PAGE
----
The Darby Case .--In sustaining the Fair Labor Standards Act 799 in 1941, 800 the Court expressly overruled Hammer v. Dagenhart. 801 ''The distinction on which the [latter case] . . . was rested that Congressional power to prohibit interstate commerce is limited to articles which in themselves have some harmful or deleterious property-- a distinction which was novel when made and unsupported by any provision of the Constitution--has long since been abandoned. . . . The thesis of the opinion that the motive of the prohibition or its effect to control in some measure the use or production within the States of the article thus excluded from the commerce can operate to deprive the regulation of its constitutional authority has long since ceased to have force. . . . The conclusion is inescapable that Hammer v. Dagenhart, was a departure from the principles which have prevailed in the interpretation of the Commerce Clause both before and since the decision and that such vitality, was a precedent, as it then had has long since been exhausted. It should be and now is overruled.'' 802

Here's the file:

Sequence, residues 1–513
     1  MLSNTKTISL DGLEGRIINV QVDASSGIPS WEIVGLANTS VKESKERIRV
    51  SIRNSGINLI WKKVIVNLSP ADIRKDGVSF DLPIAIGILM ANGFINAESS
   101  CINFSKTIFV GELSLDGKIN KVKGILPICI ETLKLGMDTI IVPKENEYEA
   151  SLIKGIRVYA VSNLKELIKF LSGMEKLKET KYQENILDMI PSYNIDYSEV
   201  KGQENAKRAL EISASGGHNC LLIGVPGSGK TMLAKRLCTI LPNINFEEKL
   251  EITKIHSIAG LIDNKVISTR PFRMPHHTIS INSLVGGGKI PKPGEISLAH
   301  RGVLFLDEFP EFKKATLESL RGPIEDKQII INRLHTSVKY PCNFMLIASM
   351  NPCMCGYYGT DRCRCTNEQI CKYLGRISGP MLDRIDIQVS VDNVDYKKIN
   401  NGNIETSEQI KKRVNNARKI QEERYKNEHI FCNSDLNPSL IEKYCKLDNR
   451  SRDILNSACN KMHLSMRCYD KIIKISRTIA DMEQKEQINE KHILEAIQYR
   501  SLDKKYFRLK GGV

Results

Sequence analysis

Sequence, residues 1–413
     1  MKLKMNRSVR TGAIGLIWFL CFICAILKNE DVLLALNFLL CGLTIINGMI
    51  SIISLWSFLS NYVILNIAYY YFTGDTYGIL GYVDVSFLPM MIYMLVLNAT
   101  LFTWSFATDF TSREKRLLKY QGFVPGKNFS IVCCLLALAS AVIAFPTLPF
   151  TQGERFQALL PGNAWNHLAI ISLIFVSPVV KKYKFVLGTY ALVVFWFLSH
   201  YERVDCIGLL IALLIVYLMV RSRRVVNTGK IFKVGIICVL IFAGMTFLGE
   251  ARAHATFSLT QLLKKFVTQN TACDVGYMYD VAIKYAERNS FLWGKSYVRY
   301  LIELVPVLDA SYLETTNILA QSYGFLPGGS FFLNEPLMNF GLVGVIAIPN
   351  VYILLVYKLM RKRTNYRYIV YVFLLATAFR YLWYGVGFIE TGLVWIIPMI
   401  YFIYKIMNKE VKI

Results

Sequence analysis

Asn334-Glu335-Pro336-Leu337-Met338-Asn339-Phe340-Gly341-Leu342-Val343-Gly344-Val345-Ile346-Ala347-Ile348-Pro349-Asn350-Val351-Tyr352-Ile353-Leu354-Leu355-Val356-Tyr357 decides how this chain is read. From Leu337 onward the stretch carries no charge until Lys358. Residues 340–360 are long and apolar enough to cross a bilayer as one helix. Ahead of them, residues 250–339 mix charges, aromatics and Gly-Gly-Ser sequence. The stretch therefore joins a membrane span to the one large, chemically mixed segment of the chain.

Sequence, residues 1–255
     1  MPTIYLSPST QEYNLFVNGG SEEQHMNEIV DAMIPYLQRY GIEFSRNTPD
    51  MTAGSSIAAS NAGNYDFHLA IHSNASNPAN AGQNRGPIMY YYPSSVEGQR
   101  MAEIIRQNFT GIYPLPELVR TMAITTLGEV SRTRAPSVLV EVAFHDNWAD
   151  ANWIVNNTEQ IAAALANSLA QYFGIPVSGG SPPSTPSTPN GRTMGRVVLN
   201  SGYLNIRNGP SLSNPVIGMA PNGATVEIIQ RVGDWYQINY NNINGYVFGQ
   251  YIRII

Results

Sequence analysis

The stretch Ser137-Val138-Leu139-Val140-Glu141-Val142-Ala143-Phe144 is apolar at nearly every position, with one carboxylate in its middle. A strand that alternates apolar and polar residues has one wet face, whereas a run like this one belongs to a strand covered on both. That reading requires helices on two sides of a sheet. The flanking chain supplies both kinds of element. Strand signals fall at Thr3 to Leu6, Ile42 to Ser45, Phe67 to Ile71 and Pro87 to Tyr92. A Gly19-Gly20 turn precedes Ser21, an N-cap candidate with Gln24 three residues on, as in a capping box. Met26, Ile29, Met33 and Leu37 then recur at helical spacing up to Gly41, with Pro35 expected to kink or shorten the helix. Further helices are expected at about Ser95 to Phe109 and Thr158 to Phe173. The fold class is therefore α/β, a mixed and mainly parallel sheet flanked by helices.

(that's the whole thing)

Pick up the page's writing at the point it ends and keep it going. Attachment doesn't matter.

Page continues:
The Court has several times expressly noted that Congress' exercise of power under the commerce clause is akin to the police power exercised by the States. 803 It should follow, therefore, that Congress may achieve results unrelated to purely commercial aspects of commerce, and this result in fact has often been accomplished. Paralleling and contributing to this movement is the virtual disappearance of the distinction between interstate and intrastate commerce.
Is There an Intrastate Barrier to Congress' Commerce Power? --Not only has there been legislative advancement and judicial acquiescence in commerce clause jurisprudence, but the melding of the Nation into one economic union has been more than a little responsible for the reach of Congress' power. ''The volume of interstate commerce and the range of commonly accepted objects of government regulation have . . . expanded considerably in the last 200 years, and the regulatory authority of Congress has expanded along with them. As interstate commerce has become ubiquitous, activities once considered purely local have come to have effects on the national economy, and have accordingly come within the scope of Congress' commerce power.'' 804
Reviewing the doctrinal developments laid out in the prior pages, it is evident that Congress' commerce power is fueled by four very interrelated principles of decision, some old, some of recent vintage.